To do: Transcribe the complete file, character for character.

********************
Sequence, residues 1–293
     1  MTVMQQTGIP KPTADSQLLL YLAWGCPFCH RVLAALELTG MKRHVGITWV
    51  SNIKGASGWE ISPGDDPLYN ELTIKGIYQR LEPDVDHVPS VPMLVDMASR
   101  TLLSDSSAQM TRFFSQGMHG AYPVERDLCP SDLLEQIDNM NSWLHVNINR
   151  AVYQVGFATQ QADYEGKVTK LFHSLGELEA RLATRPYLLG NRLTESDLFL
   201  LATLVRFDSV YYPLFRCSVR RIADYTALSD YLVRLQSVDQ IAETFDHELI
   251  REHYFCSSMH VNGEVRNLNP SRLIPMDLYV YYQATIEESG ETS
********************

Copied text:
Sequence, residues 1–293
     1  MTVMQQTGIP KPTADSQLLL YLAWGCPFCH RVLAALELTG MKRHVGITWV
    51  SNIKGASGWE ISPGDDPLYN ELTIKGIYQR LEPDVDHVPS VPMLVDMASR
   101  TLLSDSSAQM TRFFSQGMHG AYPVERDLCP SDLLEQIDNM NSWLHVNINR
   151  AVYQVGFATQ QADYEGKVTK LFHSLGELEA RLATRPYLLG NRLTESDLFL
   201  LATLVRFDSV YYPLFRCSVR RIADYTALSD YLVRLQSVDQ IAETFDHELI
   251  REHYFCSSMH VNGEVRNLNP SRLIPMDLYV YYQATIEESG ETS